Malawi Muslim Students Abroad Ask Chakwera to ‘Walk the Talk’

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Malawi Muslim students in diaspora have requested the new Government to fulfill its promise of creating one million jobs in the one of the poorest countries in the world.

The students in Uganda at Islamic University in Uganda (IUIU) , Egypt at Cairo University (CU) and Sudan at International University of Africa (IUA) say they are optimistic that the Dr Lazarus Chakwera and Dr Saulos Chilima’s presidency will create more jobs to alleviate high unemployment among the youths.

“Many youths in the country have no jobs and the new Government has a big task to create jobs to reduce the unemployment rate,”

“Graduates from both local universities and abroad have high expectations with the new dawn. They are expecting the Government to create more jobs in the statutory corporations and create a conducive environment for foreign investors,” says Ahmad Banda, a Malawian student at Islamic University in Uganda.

The Malawi students are studying various programs such as Bachelor of Medicine, Bachelor of Surgery , Bachelor of Laws, Bachelor of Nursing Sciences, Bachelor of Science in Telecommunication Engineering, Bachelor of Science in Mass Communication, Bachelor of Science in Pharmacy, Bachelor of Science in Information Technology, Bachelor of Economics and Bachelor of Science in Food Science and Nutrition.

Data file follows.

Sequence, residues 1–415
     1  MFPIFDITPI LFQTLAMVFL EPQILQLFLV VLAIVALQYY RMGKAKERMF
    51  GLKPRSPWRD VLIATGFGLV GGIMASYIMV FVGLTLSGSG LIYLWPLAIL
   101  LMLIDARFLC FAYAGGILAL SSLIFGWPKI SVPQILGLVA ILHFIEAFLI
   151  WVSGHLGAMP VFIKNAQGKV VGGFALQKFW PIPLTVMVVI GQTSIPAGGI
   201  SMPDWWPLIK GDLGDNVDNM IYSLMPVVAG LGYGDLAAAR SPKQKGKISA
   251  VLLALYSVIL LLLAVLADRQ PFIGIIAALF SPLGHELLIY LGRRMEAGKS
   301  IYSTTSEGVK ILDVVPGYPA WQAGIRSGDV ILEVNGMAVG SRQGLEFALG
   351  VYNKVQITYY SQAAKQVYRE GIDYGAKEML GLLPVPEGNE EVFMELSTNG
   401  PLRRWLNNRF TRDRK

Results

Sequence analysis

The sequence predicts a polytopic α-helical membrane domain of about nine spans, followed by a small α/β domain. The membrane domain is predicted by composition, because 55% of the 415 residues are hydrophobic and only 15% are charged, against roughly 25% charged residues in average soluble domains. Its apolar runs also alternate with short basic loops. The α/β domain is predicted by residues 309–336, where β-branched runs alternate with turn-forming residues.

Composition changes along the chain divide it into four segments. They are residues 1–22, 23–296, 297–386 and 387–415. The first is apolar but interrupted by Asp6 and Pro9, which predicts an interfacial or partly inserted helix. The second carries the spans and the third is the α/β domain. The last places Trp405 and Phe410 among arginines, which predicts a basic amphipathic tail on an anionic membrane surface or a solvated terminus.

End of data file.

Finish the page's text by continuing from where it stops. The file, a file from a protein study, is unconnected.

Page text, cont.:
Dr Chakwera and Dr Chilima sworn in as President and Vice President respectively on at 28th June, 2020 at Malawi Square in Malawi’s capital, Lilongwe.

Chakwera of opposition Malawi Congress Party (MCP) elected under Tonse Alliance as the 6th State President of the country after defeating President Peter Mutharika of Democratic Progressive Party (DPP) in the court ordered Fresh Presidential Polls held on 23rd June, 2020.

Chakwera, 65, won 58.57 percent of the vote in Tuesday’s election , a dramatic reversal of the result of the original election on 21 May 2019, which was later overturned by the High Court sitting as a Constitutional Court.

The repeat vote was regarded by analysts as a test of the ability of African courts to tackle ballot fraud and restrain presidential power.

In his acceptance speech, Chakwera promised to be a servant leader.

“To stand before you as president today is an honour. It’s an honour that fills with unspeakable joy and immense gratitude,”

“With your help, we will restore a new generation’s faith in the possibility of having a government that serves, not a government that rules,” Chakwera said.